In a case that has ties to one of the industry’s largest mortgage scams, Sperry Associates Federal Credit Union received a ruling in its favor over losses the financial institution said it suffered behind the scheme.
On March 1, Judge Dickinson Debevoise with the U.S. District Court of New Jersey said the $307 million credit union in Garden City Park, N.Y., was entitled to coverage from a fidelity bond that it purchased from CUMIS. Sperry claimed it lost $9.49 million through a mortgage scam instituted by CU National Mortgage.
The case goes back to 2006 when Sperry entered into a mortgage loan servicing agreement with CU National Mortgage, which also agreed to assist in selling its mortgages to the secondary market. The agreement did not authorize CUN or its parent company, U.S. Mortgage Corp., to indorse, assign or sell mortgages without Sperry’s consent.
Ken Pagliughi, an attorney representing Sperry, said the recent decision could set the tone for other credit unions affected by CU National and U.S. Mortgage.
“In addition to this case where Sperry received a favorable decision as to coverage under its CUMIS bond, Picatinny Federal Credit Union has a matter currently pending in the U.S. District Court of New Jersey and Suffolk Federal Credit Union has a matter pending in U.S. District Court for the Eastern District of New York,” Pagliughi told Credit Union Times. “Both the Picatinny and Suffolk matters have the same coverage issues in contention as were decided by the court in the Sperry matter.”
CUNA Mutual Group, the parent company of CUMIS, said it will appeal the court’s decision.
“The trial court's decision is unfortunate and represents an overly broad interpretation of who is covered under the bond's employee dishonesty coverage. But in cases involving complex legal issues like this one, it is often up to the appellate courts to render a final decision, and we intend to seek appellate review in this case,” wrote Phil Tschudy, CUNA Mutual media relations manager, in a March 5 statement to Credit Union Times.
According to Sperry’s complaint, CU National sold 27 of the credit union’s mortgages valued at $9.49 million to the Federal National Mortgage Association without the credit union’s consent or knowledge. To conceal the theft, CU National continued to act as servicer of the loans. When the firm received Sperry’s payments, it transferred the funds to a clearing house and remitted them to FNMA, and a comparable payment was made to Sperry by transferring funds from a CUN/USM account. After the sale, the credit union continued to receive reports from the mortgage companies that showed it still owned the loans.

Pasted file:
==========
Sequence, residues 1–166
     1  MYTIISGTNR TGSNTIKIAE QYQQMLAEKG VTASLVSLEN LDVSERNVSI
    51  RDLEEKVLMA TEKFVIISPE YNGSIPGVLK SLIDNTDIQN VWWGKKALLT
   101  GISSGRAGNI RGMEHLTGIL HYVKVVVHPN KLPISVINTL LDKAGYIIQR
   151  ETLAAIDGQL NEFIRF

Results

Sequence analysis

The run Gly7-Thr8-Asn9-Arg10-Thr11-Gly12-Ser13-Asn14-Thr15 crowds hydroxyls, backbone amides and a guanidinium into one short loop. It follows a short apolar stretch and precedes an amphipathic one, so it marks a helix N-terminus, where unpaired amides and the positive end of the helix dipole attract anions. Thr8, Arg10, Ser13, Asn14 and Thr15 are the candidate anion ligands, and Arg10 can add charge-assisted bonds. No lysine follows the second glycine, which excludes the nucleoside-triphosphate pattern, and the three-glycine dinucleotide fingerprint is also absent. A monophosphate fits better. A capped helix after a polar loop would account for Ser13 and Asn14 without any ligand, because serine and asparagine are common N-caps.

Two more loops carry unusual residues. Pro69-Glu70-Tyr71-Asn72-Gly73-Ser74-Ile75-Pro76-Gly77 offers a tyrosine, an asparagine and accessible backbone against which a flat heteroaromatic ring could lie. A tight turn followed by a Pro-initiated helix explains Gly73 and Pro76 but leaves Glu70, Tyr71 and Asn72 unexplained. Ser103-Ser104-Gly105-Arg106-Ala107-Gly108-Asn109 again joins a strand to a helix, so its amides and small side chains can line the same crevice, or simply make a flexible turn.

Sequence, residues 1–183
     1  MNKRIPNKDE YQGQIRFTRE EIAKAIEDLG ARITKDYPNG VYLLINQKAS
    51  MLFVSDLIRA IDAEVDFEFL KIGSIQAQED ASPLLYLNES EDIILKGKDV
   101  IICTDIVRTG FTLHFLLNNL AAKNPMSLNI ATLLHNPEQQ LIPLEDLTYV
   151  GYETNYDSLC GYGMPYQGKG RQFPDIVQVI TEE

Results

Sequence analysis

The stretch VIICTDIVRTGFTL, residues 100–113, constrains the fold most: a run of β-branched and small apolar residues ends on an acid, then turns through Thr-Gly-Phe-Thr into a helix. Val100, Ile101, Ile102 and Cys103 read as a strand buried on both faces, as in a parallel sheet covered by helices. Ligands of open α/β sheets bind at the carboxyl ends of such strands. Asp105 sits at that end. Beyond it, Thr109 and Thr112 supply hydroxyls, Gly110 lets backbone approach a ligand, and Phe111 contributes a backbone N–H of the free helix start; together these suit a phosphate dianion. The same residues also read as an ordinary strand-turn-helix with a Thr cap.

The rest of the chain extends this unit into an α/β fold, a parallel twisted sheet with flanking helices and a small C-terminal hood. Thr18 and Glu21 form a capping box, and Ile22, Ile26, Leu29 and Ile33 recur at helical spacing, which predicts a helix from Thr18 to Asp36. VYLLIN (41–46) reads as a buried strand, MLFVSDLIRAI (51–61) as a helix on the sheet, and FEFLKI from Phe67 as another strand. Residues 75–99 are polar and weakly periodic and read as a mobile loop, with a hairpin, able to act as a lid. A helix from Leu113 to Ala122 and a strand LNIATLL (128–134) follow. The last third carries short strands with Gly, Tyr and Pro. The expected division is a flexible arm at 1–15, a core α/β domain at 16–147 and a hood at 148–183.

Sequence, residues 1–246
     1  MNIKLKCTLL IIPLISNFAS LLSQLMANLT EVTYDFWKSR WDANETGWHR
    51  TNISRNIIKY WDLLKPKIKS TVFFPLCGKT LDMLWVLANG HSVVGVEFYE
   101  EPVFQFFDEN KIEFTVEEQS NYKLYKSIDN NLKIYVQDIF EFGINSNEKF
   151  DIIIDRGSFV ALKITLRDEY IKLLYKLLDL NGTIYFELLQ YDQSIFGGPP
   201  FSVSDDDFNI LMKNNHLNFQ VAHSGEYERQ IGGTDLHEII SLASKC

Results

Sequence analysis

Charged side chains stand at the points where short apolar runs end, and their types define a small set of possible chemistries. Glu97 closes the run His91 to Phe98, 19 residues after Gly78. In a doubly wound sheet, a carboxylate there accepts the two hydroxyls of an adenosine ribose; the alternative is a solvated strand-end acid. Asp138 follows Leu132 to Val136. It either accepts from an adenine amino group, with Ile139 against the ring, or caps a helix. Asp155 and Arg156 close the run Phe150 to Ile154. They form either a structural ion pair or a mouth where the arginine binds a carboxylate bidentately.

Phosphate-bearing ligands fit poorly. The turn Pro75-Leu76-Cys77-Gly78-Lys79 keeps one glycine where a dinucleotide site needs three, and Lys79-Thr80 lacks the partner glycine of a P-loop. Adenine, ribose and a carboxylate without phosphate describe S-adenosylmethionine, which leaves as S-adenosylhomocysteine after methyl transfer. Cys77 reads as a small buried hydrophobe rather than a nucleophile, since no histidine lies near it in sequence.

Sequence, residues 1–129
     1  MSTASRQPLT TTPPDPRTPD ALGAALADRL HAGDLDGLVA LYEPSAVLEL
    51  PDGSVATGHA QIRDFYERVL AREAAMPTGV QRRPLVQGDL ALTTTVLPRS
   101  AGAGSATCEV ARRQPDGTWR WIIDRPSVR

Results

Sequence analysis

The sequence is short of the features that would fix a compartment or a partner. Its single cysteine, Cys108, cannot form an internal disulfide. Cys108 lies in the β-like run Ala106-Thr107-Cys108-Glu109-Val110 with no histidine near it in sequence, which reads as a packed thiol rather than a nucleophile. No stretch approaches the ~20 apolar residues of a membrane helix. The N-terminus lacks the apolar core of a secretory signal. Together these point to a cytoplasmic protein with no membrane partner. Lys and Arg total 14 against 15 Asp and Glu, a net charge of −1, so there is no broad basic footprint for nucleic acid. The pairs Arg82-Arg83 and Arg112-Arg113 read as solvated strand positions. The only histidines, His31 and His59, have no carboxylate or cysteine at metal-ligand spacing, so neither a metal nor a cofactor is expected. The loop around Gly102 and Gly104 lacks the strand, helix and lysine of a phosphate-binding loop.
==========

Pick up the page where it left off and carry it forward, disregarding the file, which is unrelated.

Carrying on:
In February 2009, federal officials raided CUN/USM’s offices where it was discovered that 26 credit unions were scammed by the mortgage companies. In February 2011, Michael McGrath, president of both firms, pleaded guilty to his involvement in the scam on several charges, including conspiracy to commit money laundering and conspiracy to commit wire fraud.
The fidelity bond issued to Sperry from CUMIS was identical to the CUMIS Form 500 bond that was issued to the 26 credit unions that were also defrauded by CUN/USM, according to Sperry’s complaint. In February 2008, Sperry sent CUMIS notice that it had losses from the mortgage company scam. In September of that year, Sperry and CUMIS entered into a tolling and standstill agreement in which CUMIS agreed not to investigate the loss claims and to not take any further action until December 2009.
Sperry said at the time of the agreement, CUMIS did not inform it of an August 2009 action that it had no duty under the CUMIS Form 500 bond to indemnify the 26 credit unions defrauded by CUN/USM. After a series of actions between the two parties after the tolling agreement expired in January 2010, including a breach of contract from Sperry claiming breach of contract from CUMIS, the credit union presented the court with several pieces of evidence to show that it had been defrauded, including an affidavit from McGrath, who acknowledged that Sperry never provided consent to the sale of its loans.
CUMIS questioned whether CUN/USM actually sent false reports to Sperry about the loans. If that were the case, CUMIS argued that the mortgage firms would not have serviced the loans at the time the reports were sent.